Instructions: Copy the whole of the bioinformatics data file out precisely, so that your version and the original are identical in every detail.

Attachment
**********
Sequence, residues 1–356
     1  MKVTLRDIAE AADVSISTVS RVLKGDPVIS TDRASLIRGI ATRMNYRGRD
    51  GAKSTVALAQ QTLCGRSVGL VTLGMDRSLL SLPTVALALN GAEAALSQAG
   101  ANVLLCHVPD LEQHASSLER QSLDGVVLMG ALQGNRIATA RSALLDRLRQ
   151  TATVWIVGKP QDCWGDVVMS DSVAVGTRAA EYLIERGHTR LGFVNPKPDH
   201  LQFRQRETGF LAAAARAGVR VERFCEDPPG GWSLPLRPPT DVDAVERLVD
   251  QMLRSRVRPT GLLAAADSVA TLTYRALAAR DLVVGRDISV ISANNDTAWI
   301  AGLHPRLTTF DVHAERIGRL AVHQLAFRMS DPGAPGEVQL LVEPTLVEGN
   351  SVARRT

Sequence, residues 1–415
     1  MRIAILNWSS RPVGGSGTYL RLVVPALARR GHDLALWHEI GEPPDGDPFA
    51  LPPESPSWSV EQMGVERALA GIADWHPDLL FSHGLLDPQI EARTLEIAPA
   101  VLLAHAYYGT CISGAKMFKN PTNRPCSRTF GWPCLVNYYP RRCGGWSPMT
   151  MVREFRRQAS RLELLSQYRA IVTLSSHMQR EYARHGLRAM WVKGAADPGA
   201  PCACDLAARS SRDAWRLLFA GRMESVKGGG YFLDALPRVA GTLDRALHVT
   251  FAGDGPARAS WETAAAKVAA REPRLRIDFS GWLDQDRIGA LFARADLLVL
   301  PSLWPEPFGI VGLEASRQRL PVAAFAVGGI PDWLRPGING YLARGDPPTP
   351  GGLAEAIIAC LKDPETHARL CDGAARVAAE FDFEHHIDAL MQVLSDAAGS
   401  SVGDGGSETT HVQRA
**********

Sequence, residues 1–356
     1  MKVTLRDIAE AADVSISTVS RVLKGDPVIS TDRASLIRGI ATRMNYRGRD
    51  GAKSTVALAQ QTLCGRSVGL VTLGMDRSLL SLPTVALALN GAEAALSQAG
   101  ANVLLCHVPD LEQHASSLER QSLDGVVLMG ALQGNRIATA RSALLDRLRQ
   151  TATVWIVGKP QDCWGDVVMS DSVAVGTRAA EYLIERGHTR LGFVNPKPDH
   201  LQFRQRETGF LAAAARAGVR VERFCEDPPG GWSLPLRPPT DVDAVERLVD
   251  QMLRSRVRPT GLLAAADSVA TLTYRALAAR DLVVGRDISV ISANNDTAWI
   301  AGLHPRLTTF DVHAERIGRL AVHQLAFRMS DPGAPGEVQL LVEPTLVEGN
   351  SVARRT

Sequence, residues 1–415
     1  MRIAILNWSS RPVGGSGTYL RLVVPALARR GHDLALWHEI GEPPDGDPFA
    51  LPPESPSWSV EQMGVERALA GIADWHPDLL FSHGLLDPQI EARTLEIAPA
   101  VLLAHAYYGT CISGAKMFKN PTNRPCSRTF GWPCLVNYYP RRCGGWSPMT
   151  MVREFRRQAS RLELLSQYRA IVTLSSHMQR EYARHGLRAM WVKGAADPGA
   201  PCACDLAARS SRDAWRLLFA GRMESVKGGG YFLDALPRVA GTLDRALHVT
   251  FAGDGPARAS WETAAAKVAA REPRLRIDFS GWLDQDRIGA LFARADLLVL
   301  PSLWPEPFGI VGLEASRQRL PVAAFAVGGI PDWLRPGING YLARGDPPTP
   351  GGLAEAIIAC LKDPETHARL CDGAARVAAE FDFEHHIDAL MQVLSDAAGS
   401  SVGDGGSETT HVQRA